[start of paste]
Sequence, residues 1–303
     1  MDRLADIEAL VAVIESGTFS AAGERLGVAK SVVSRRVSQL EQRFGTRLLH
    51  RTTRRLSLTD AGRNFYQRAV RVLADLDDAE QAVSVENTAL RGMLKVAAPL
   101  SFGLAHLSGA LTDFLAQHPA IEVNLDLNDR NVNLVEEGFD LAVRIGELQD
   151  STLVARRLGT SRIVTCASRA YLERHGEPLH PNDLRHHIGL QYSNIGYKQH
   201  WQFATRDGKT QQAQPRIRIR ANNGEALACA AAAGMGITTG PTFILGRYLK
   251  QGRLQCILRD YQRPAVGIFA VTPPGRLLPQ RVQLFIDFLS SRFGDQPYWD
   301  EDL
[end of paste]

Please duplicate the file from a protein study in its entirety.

Sequence, residues 1–303
     1  MDRLADIEAL VAVIESGTFS AAGERLGVAK SVVSRRVSQL EQRFGTRLLH
    51  RTTRRLSLTD AGRNFYQRAV RVLADLDDAE QAVSVENTAL RGMLKVAAPL
   101  SFGLAHLSGA LTDFLAQHPA IEVNLDLNDR NVNLVEEGFD LAVRIGELQD
   151  STLVARRLGT SRIVTCASRA YLERHGEPLH PNDLRHHIGL QYSNIGYKQH
   201  WQFATRDGKT QQAQPRIRIR ANNGEALACA AAAGMGITTG PTFILGRYLK
   251  QGRLQCILRD YQRPAVGIFA VTPPGRLLPQ RVQLFIDFLS SRFGDQPYWD
   301  EDL